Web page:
If not overridden, the default error handler will look for the following properties on the error object:

  • err.statusCode: The numeric HTTP status code to send to the client. (default: 500)
  • err.body: The content to set as the response body. This could be a string, object, etc. If a body isn't provided, the value of err.message will be used instead.
  • err.headers: An optional JS object containing keys and values that should be added as HTTP headers in the response.

Additionally, the error handler will output the status code, request method and path, and the error stack trace to the logs via a call to console.error.

You can turn this off or provide your own logging function if desired. Simply override the internal error handler like this:

const { createSet, errorHandler } = require('micro-mw');
createSet('errorHandler', [ errorHandler({ logErrors: true, logger: myLoggerObj }) ]);

Note: Any custom logging object must provide an error function, as the handler will call it like: logger.error(msg).

Writing middleware

Writing middleware that is consumable by micro-mw is really no different than writing a normal request handler. micro-mw uses async/await in order to handle synchronous and asyncrhonous middleware in the same manner.

A typical middleware function looks like this:

async function myMiddleware(req, res) {
  // Do some action based on the request
  let someObj = async requestPromise(url, { json: true });
  req.someObj = someObj;

Then use it per the patterns mentioned above. For example:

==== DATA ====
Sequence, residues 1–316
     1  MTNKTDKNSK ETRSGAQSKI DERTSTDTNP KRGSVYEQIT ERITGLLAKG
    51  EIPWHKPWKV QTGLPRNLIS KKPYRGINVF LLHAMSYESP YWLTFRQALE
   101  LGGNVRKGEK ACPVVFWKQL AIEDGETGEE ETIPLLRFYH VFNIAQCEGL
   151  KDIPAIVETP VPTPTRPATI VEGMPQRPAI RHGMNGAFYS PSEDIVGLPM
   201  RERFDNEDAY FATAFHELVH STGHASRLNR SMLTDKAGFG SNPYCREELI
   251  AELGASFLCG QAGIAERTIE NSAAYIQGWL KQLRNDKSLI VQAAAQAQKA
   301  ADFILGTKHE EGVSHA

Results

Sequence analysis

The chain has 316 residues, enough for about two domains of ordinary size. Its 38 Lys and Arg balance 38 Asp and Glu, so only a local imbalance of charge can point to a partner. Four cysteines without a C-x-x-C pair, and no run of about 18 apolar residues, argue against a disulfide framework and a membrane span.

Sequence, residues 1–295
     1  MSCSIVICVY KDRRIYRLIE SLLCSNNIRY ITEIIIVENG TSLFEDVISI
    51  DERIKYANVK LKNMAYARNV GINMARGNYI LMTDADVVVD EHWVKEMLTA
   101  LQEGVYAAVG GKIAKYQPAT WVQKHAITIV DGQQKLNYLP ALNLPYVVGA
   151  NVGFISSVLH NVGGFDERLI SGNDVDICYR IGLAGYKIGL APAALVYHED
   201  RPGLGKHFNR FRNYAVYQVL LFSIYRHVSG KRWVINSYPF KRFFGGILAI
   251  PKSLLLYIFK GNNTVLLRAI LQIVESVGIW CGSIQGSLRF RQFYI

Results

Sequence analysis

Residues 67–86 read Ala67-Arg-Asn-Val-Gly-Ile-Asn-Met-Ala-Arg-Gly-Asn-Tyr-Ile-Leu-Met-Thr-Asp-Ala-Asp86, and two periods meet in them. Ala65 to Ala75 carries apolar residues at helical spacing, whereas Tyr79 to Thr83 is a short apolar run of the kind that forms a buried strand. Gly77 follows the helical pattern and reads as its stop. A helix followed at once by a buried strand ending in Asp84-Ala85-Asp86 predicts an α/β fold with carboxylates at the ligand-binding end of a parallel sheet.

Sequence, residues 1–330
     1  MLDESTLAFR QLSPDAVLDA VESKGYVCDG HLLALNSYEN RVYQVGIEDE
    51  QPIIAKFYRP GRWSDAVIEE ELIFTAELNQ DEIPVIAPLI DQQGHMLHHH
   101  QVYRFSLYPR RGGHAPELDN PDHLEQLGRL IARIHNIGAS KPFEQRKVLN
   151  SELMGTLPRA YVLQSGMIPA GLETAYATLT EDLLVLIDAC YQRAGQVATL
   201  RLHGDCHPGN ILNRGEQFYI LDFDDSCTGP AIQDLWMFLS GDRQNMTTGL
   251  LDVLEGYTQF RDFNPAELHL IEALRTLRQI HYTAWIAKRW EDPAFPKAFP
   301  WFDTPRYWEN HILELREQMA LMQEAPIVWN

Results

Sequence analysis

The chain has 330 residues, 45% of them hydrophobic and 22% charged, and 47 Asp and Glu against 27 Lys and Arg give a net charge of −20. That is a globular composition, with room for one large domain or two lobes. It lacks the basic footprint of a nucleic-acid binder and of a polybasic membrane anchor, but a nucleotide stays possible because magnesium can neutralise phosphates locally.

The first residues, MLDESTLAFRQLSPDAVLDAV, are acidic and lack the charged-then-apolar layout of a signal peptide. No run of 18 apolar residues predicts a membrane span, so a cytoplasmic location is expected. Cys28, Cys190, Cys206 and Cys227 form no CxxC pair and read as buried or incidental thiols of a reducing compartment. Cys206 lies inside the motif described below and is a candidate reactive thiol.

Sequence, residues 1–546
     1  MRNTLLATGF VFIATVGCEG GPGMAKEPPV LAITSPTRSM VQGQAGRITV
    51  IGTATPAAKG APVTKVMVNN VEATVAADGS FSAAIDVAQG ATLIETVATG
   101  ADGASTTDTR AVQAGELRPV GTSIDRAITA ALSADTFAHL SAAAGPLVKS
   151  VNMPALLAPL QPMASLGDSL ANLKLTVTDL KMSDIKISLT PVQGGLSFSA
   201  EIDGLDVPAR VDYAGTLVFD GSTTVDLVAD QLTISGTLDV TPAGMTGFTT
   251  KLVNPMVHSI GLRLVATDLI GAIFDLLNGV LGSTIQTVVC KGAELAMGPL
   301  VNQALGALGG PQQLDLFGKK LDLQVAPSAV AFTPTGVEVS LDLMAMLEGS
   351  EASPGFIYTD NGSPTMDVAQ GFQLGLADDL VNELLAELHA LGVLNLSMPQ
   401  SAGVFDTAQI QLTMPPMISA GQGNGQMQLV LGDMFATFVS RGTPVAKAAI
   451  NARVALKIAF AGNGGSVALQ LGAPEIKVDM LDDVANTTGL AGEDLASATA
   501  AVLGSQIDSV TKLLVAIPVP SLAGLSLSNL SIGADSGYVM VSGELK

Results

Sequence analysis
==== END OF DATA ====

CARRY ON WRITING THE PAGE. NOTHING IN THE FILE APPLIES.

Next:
const { applyMiddleware } = require('micro-mw');
module.exports = applyMiddleware([ myMiddleware ], (req, res) {
  // Typical request handling

That's it!

You can, of course, do much more complicated things than this.

Creating error handling middleware

Error handling middleware is almost exactly like "normal" middleware, but make note of a few key differences:

  • The thrown error will be passed into the middleware function as a third param, i.e. (req, res, err) => { ... }

  • The error handler is responsible for sending a response to the client.

  • Error handlers should typically avoid throwing errors themselves, as that will likely result in no response being sent to the client.

Halting request execution

There may be occasions during the lifecycle of a request, where middleware needs to send a response early. An example of this scenario might be when using CORS and responding to an OPTIONS request from a browser. In this case, the CORS middleware may send a response prior to all of the middleware or even the request handler being run.

If the remaining middleware and handlers run, an exception may be thrown when an attempt to send another response occurs.

The stopRequest function is provided for a middleware function to signal that a response has been sent and that any remaining steps in the request should be canceled.

Consider the following sample:

const { applyMiddleware, stopRequest } = require('micro-mw');
function middlewareFn1(req, res) {
  // Send a response early
module.exports = applyMiddleware([ middlewareFn1, middlewareFn2 ], (req, res) => {
  // Normal request / response handling logic here

In this scenario, middlewareFn1 will run, but by calling stopRequest(req), the remaining handlers (i.e. middlewareFn2 and the normal request/response handler) will not be called.


Pull requests and stars are always welcome. For bugs and feature requests, please create an issue


Matt Hamann

Thanks also to Mathias Karstädt for some inspiration in his work on micro-middleware.